Yes, because already I feel I’ve had years of experience and I now feel I’m that I’m finding my identity musically as a DJ and as an artist but I do think perhaps I wasn’t taken as seriously back at the start of my career being so young, I also felt a lot of things happened too quickly for me and as a result made some mistakes, with my commercially released mix CDs for example. In a way its a shame because I’d be willing to wager this mix will get less attention because of the volume of mix comps I’ve put out in the past that got really great PR, when I feel its this new one that I really want people to hear. As you say, I still have a few years to get things right and probably make more mistakes but that’s part of the fun and part of growing as artist.
“I have to say many of my previous commercially released mixes I can no longer stand to hear. I wouldn’t go as far as to say I’m ashamed of them but they were all stepping stones to this mix”
Where was the best place you’ve played?
There is no one place but I had amazing gigs all around the planet now, I feel lucky to have been a part of incredible parties in places like Lima, Serbia, Tokyo, Lithuania, Romania and er Southampton. Just some of my faves.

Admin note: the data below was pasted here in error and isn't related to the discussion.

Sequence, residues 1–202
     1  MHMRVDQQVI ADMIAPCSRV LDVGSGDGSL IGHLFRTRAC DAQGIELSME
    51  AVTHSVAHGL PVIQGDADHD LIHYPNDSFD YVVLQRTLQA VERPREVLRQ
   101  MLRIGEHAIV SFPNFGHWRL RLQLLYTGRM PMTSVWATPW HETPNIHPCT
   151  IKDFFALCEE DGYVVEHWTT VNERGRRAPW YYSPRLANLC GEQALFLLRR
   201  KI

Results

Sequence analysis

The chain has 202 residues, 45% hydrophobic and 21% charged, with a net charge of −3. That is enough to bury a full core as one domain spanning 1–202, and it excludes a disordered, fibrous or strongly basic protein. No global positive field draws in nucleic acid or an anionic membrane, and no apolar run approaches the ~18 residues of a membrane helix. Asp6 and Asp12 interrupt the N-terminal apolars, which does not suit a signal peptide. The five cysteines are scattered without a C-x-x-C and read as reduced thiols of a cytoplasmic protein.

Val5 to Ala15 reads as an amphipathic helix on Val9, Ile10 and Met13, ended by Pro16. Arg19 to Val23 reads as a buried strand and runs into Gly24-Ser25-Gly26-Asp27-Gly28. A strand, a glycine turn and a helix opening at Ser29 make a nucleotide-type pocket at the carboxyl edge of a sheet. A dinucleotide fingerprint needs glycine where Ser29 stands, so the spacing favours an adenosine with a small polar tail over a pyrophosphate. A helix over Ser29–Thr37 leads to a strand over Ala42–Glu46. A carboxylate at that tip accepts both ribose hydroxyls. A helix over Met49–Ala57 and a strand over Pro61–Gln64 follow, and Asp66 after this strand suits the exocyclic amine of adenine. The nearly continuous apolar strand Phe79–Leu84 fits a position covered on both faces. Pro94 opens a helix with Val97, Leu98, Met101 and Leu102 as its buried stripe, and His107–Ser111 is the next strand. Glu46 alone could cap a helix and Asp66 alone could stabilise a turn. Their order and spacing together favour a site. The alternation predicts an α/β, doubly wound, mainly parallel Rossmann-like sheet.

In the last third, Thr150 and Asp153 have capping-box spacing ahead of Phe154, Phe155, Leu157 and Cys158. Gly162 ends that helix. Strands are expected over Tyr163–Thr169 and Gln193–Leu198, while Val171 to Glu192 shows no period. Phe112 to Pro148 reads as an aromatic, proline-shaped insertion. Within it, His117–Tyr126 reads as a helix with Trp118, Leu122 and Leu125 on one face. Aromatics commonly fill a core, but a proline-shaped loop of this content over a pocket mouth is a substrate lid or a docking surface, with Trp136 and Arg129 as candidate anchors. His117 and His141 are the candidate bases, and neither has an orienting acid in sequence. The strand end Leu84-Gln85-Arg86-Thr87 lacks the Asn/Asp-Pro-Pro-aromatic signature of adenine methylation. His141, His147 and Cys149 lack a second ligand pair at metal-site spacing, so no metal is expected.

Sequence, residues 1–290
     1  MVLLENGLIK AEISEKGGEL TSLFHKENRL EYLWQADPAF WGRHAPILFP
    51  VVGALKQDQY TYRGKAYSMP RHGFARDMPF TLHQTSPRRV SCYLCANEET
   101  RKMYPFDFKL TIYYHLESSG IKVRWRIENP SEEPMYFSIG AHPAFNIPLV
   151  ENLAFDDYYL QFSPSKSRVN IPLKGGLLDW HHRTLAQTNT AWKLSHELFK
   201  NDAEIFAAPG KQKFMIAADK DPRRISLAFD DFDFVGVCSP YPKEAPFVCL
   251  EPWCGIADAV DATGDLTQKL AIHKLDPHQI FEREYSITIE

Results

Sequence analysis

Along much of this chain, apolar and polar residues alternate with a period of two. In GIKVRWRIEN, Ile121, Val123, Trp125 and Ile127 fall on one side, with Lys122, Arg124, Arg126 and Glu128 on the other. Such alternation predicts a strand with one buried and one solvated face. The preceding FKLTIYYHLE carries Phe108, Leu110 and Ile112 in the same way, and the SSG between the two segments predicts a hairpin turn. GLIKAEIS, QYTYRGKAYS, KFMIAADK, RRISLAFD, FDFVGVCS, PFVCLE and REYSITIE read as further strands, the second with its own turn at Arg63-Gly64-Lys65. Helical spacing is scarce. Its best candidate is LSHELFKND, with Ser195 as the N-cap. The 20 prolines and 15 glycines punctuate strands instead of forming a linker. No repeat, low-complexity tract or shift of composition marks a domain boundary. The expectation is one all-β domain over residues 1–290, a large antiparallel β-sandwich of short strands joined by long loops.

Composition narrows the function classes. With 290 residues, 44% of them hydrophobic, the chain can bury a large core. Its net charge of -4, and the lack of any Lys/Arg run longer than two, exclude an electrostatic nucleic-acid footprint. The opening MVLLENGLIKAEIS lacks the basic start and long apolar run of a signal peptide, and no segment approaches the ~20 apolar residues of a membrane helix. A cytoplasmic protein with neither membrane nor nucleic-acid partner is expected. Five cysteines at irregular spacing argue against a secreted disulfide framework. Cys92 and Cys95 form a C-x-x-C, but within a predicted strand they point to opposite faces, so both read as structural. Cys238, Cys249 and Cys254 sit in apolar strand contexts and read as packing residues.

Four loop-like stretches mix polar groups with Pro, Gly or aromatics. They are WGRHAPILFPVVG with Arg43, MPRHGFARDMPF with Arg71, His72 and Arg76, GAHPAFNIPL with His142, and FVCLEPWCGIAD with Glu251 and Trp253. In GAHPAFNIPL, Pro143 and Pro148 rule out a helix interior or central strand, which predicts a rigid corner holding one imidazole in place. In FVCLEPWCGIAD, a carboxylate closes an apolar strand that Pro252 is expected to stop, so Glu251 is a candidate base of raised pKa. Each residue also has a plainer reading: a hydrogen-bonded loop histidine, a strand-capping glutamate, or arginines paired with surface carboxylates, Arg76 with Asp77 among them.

Where was the coolest place you’ve heard someone play one of your tracks and who played it?
Probably Digweed at Creamfields last year, I’d grown up hearing about these legendary raves up north and then in Winchester near where I live so when so he played ‘Tylium’ there I was stoked. Its a track of mine he released on Bedrock. So both of those things were a dream come true for me last year.
What’s next from you?
I may work on some new music of my own if I get time. My touring schedule is pretty heavy but I’m hopeful in between flights and hotels I can snatch some time to make some more beats. I’d like to release another EP this year but it may or may not happen.
Interview: Flora Wong